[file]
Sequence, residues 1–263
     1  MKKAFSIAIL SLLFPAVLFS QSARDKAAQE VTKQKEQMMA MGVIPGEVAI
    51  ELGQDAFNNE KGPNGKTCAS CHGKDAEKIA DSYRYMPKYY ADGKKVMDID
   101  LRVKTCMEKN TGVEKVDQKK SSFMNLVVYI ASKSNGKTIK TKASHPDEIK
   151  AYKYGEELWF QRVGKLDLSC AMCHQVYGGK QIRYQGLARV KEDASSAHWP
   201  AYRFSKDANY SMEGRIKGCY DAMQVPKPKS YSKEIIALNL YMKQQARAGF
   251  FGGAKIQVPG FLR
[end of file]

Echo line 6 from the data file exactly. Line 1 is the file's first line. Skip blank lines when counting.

   201  AYRFSKDANY SMEGRIKGCY DAMQVPKPKS YSKEIIALNL YMKQQARAGF